Assembly line safety: During assembly, the fixtures should be designed in such a manner that at no point are operators exposed to high voltage, current or any isolation breakdown. The tools need to be special while operating the HV area and only trained operators with protective equipment should be allowed to operate. No tool should be dropped which can result in a short circuit. ESCOS (Electrical Safety Check Out Systems) should be planned at multiple stations so that the electrical isolation is checked from beginning to end as the vehicle is built.

Safety during vehicle storage: Customers should be informed as to how to keep the vehicle in good health by following a regular charging protocol. Very long duration storages without charging often cause ‘Dendrites formation’, which results in an increase in internal resistance and hence higher temperature during operations. They can also cause battery shorts, presenting a huge risk to safety.

Safety during charging: This is considered a most regular event in an EV’s life but one with safety concerns as it involves the vehicle being connected to an external charging infrastructure. An EV has the potential to damage the infrastructure in case something goes wrong in the vehicle while it is being charged. Likewise, the EV too can suffer damage if it is not charged as per the requirement. If the vehicle’s internal sub-system controls are not designed with the required accuracy and precision, it may result in the battery overcharging or undercharging and posing a safety risk. Continuous overcharging of the Lithium Ion cells can cause bulging and electrolyte leakage.


Cutaway illustration of the Mahindra e20 electric hatchback sold in India. 

The conductive charging systems are thus regulated in all countries through standards and they are applicable for both normal charge and fast charge situations. SAE J 1772, IEC 61851, IEC 62196, GB/T 20234.2 are some of the standards which define the safety requirements.

In India, the Bharat charger specifications draft is aligned with these standards. But apparently, for Indian conditions, a surge test is required to be included which takes care of high-voltage surges which can come to the vehicle via the infrastructure in the event of a thunderstorm and the supply is not properly regulated.

Safety during driving: Indian standard AIS-038 has a simple requirement of electrical safety like the reverse speed limitation at a maximum of 20kph, power on indications, provision of protective devices like fuses and circuit breakers to limit any excessive current charging the battery system known as RESS – Rechargeable Energy Storage System. While some of the realistic safety concerns have not been addressed, vehicle jerk due to various reasons including regenerative braking is one of the most common safety concerns faced by EV drivers. These jerks are very random in occurrence and magnitude but leave a safety concern even if experienced once. Similarly, the issue of unintended acceleration has been faced by many EV makers and has caused serious accidents.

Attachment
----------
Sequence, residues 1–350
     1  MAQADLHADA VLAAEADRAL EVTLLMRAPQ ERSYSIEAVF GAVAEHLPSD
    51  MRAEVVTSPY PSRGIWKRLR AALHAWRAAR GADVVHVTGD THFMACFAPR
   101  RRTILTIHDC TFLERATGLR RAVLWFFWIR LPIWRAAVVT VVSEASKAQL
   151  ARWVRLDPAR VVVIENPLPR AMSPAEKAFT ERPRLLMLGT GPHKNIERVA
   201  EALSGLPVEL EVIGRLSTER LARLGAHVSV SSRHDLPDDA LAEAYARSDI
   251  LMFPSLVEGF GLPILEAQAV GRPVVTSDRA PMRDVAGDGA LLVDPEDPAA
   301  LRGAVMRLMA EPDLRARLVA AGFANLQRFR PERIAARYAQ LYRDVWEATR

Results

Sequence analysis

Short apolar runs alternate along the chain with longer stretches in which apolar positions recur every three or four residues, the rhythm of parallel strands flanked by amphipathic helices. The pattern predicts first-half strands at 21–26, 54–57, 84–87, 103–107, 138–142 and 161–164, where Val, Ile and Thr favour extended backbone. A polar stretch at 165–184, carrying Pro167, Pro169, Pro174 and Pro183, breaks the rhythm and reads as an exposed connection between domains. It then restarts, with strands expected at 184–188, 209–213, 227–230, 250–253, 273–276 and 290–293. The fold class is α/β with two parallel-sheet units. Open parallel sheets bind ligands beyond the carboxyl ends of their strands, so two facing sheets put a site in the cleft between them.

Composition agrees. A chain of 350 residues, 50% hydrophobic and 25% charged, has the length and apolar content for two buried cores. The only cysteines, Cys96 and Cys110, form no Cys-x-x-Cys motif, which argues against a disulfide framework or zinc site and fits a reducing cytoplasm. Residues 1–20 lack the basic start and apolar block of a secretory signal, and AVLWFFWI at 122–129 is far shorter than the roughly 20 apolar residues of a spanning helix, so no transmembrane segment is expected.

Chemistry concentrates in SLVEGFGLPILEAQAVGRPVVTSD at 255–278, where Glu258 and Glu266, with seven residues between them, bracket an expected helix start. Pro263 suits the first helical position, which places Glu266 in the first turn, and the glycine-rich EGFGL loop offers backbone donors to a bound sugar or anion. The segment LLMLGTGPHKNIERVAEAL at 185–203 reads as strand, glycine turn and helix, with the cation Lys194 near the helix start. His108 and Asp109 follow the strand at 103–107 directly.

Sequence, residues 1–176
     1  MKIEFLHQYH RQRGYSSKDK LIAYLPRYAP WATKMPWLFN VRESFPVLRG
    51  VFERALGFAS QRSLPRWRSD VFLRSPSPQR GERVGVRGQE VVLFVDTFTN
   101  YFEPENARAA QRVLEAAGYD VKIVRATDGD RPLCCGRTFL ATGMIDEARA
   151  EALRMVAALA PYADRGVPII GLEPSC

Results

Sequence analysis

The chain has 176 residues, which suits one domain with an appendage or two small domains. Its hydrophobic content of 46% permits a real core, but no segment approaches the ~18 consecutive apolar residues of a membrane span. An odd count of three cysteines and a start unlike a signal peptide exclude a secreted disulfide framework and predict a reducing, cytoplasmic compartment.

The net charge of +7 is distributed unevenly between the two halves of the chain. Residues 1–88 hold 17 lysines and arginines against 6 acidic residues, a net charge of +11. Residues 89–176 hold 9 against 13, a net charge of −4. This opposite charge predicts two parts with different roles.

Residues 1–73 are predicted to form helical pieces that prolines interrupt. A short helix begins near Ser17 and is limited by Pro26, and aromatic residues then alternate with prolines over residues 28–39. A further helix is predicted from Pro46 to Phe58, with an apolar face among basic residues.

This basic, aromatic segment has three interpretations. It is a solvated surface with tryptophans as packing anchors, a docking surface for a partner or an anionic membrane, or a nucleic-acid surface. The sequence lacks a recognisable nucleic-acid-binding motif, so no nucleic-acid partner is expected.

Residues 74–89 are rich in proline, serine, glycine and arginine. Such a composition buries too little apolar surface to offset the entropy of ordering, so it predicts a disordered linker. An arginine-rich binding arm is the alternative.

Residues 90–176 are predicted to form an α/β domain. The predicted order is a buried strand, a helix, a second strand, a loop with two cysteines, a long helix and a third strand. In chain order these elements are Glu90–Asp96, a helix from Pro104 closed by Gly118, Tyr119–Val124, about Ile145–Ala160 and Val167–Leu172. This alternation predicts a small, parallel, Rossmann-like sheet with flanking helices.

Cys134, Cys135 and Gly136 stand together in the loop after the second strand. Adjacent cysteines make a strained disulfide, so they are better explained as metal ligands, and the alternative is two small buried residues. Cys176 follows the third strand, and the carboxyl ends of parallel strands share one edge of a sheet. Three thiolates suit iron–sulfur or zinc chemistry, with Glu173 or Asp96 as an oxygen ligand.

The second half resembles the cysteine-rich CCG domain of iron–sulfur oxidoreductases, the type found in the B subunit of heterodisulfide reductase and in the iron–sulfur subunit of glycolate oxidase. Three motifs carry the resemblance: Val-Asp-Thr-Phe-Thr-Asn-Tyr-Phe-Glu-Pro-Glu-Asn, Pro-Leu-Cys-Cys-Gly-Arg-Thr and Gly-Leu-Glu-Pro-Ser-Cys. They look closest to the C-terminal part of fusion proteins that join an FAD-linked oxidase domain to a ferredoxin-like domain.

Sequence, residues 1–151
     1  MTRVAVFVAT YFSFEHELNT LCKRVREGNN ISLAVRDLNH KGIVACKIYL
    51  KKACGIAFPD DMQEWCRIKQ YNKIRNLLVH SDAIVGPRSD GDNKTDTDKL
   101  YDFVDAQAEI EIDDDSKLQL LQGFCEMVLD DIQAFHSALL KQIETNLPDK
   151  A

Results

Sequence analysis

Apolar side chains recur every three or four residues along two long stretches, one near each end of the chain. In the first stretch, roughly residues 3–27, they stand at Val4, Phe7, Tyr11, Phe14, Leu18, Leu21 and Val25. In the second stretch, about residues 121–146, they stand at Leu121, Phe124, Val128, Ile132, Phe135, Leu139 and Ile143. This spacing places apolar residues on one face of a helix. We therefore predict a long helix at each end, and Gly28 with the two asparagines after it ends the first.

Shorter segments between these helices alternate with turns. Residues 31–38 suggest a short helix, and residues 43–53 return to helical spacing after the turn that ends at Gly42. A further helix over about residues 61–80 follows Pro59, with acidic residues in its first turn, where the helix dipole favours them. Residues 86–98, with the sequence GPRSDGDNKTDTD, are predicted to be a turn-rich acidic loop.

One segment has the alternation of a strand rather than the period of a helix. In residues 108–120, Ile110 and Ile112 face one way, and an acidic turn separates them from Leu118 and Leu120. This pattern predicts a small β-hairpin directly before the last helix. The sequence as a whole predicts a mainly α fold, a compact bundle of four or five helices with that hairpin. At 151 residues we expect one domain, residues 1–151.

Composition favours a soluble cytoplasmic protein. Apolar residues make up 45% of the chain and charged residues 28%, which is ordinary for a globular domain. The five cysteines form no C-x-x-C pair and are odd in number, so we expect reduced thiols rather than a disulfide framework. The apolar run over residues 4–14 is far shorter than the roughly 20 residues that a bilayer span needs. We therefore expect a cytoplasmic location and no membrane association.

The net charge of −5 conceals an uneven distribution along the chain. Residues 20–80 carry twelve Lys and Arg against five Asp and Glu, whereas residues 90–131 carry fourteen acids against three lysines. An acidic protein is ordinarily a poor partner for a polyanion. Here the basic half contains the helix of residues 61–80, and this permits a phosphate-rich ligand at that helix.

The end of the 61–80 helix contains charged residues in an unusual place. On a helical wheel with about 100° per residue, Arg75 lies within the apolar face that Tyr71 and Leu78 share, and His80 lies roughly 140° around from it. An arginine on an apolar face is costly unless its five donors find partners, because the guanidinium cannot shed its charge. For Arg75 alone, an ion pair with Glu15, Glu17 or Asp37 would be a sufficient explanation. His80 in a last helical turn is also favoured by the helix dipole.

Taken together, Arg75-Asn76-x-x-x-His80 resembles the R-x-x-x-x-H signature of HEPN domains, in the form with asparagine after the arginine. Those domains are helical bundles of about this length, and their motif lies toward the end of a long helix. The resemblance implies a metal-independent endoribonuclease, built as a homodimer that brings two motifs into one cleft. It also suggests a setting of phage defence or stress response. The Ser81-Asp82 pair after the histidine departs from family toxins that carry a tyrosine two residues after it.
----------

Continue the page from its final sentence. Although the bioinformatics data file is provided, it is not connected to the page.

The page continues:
The most serious safety issue in EVs faced by customers has been incidences of fire due to malfunctioning of the battery system. In advanced cars, vents are provided at the bottom to allow any electrolyte leakage to escape and not enter the cabin. In India, it appears that such regulations still need to be framed – this is critical and imperative as the consequences can be highly catastrophic and life-threatening.


A good ESCOS (Electrical Safety Check Out System) in the end of line ensures complete safety of the EV.

SAE has conducted some tests on vehicle immersion in water and the potential impact of such a scenario can cause electric shock or can pollute the water, causing a health hazard to nearby people. This situation is similar to Mumbai floods where vehicles get immersed in rainwater.

Safety concerns due to the environment: Extreme
low sub-zero temperatures do not allow the charging of lithium-ion batteries as it is not safe. High temperatures in excess of 50deg C seriously undermine the performance and safety of the batteries and they need a cooling system to maintain adequate operating temperatures.

The effects of corrosive, salty and chemical environment on the battery terminals, bus bars, contacts and fuses need to be simulated well by vehicle designers to ensure safety and prevent a breakdown of electrical isolation.

Safety pre and post-accident: In EVs, it is not only the crash requirements which need to be met, but it is the ‘Post Crash Electrical Integrity’ of the vehicle which would determine the safety of the occupants and its surroundings. If the lithium-ion pack is not compliant with the ‘Crush Test’, it can catch uncontrollable fire. It is also possible that the electric isolation is broken and the occupant(s) are exposed to either high voltage, currents and short circuits. The standards require the vehicles to be compliant and suggest suitable tests.

Safety during service, repair and maintenance: EVs are to be provided with a service disconnect switch to ensure operator safety against exposure to high voltage or currents. HV areas are marked with appropriate symbols. Yet in reality, extra training is required to be provided while attending the service issues in EVs. Simply dropping of a metallic part between the battery cells can cause a short in the battery pack. If the fuses are not properly designed or selected or show a time lag before operating, all the energies can be transferred within no time and a potential fire hazard is likely.

Safety during disposal: Precaution needs to be taken during disposal of an EV as it is not similar to a conventional vehicle and the handlers need to be qualified to do the job safely.

Safety concerns due to software: Bugs in the software or untested used cases which have not been defined earlier can cause the same devastation as hardware in the EVs. Software validation and hazard prediction is a must activity now with good EV designers. ISO 26262 (part 1 to 9) provides detailed description on functional safety, hazard levels and fault tree analysis for diagnostics. A good designer needs to be aware of these standards and practice them while designing.

Thus, it is clear that EVs bring huge challenges in terms of safety. With demand for EVs growing in developed markets and gradually in India, the real issues will emerge and would need continual speedy improvements. In India, the current regulatory standards are ephemeral and would not provide foolproof safety to users  and hence need to be upgraded continuously.

This feature was first published in Autocar Professional's Green Industry Special - April 1, 2018.